Here’s the latest news today out of Texas courtesy of Quinnipiac University’s latest poll:
In the U.S. Senate race in Texas, incumbent Republican John Cornyn leads Democrat M.J. Hegar among likely voters, 49 - 43 percent. Seven percent are undecided. On September 24th, Cornyn had 50 percent support and Hegar had 42 percent, also with 7 percent undecided.
Likely voters give Hegar a positive 33 - 26 percent favorability rating, while 39 percent say they haven't heard enough about her to form an opinion. In September, voters gave her a positive 29 - 19 percent favorability rating while 50 percent hadn't heard enough about her.
Likely voters give Cornyn a positive 42 - 30 percent favorability rating, while 26 percent say they haven't heard enough about him. In September, they gave him a 39 - 30 percent favorability rating, while 30 percent hadn't heard enough about him.
"While Cornyn maintains a lead, there are still two weeks to go, and you can't count Hegar out," added Malloy.
And in the presidential race:
Today, Trump and Biden are tied 47 - 47 percent among likely voters. This compares to a September 24thpoll of likely voters in Texas when Trump had 50 percent and Biden had 45 percent.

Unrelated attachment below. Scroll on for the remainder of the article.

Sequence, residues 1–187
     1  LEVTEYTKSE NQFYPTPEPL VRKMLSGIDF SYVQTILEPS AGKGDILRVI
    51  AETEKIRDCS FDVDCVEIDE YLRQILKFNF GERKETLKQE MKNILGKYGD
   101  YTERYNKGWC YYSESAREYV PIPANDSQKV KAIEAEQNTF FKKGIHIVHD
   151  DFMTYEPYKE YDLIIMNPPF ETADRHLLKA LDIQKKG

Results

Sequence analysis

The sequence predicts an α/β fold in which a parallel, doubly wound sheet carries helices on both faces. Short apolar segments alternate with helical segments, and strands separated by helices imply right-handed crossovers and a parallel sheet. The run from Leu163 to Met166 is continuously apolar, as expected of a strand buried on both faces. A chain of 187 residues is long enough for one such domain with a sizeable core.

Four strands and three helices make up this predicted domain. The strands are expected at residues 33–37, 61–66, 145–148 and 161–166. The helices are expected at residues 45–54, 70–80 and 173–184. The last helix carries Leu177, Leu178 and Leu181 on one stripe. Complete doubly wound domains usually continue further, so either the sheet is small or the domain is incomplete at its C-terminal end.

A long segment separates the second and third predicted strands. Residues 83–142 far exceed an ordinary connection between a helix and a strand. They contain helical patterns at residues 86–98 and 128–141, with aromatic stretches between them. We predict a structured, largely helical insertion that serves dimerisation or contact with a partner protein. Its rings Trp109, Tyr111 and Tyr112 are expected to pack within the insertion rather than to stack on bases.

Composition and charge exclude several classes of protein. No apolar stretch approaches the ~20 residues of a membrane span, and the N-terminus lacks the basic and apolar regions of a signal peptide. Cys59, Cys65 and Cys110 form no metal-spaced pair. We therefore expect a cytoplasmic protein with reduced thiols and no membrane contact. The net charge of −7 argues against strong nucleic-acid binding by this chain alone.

Among those who will vote in person on Election Day, 62 percent support Trump and 32 percent support Biden.
Among those who are voting by mail or absentee ballot, 63 percent say they support Biden and 31 percent support Trump.
Among those who are voting at an early voting location, 48 percent support Biden and 46 percent support Trump.
"Biden and Trump find themselves in a Texas stand-off, setting the stage for a bare knuckle battle for 38electoral votes," said Quinnipiac University Polling Analyst Tim Malloy.
Likely voters have mixed views of both candidates, but opinions of Biden have improved since last month.
Today, they give Biden a mixed favorability rating, with 44 percent saying favorable and 46 percent saying unfavorable. This compares to a negative 41 - 52 percent favorability rating in a September 24th survey.Today, likely voters give Trump a mixed favorability rating, with 48 percent saying favorable and 47 percent saying unfavorable, essentially unchanged since September's 49 - 47 percent score.
Likely voters are also mixed on whether or not either candidate has good leadership skills. For Biden, 48percent say "yes" and 46 percent say "no." For Trump, 49 percent say "yes" and 48 percent say "no."
Biden cares about average Americans, likely voters say 56 - 38 percent, while they are more divided on Trump, saying 51 - 47 percent that he cares about average Americans.
It’s true that Hegar shouldn’t be counted out. Other polling this week showed the race tightening:
Also, Hegar is about to get a huge boost:
A little-known super PAC seeded with Silicon Valley money plans to lead four other outside groups in a $28 million TV ad blitz to try to help Democrat MJ Hegar unseat Texas Sen. John Cornyn.
Future Forward’s own ads began airing Tuesday, according to ad-tracking service Advertising Analytics.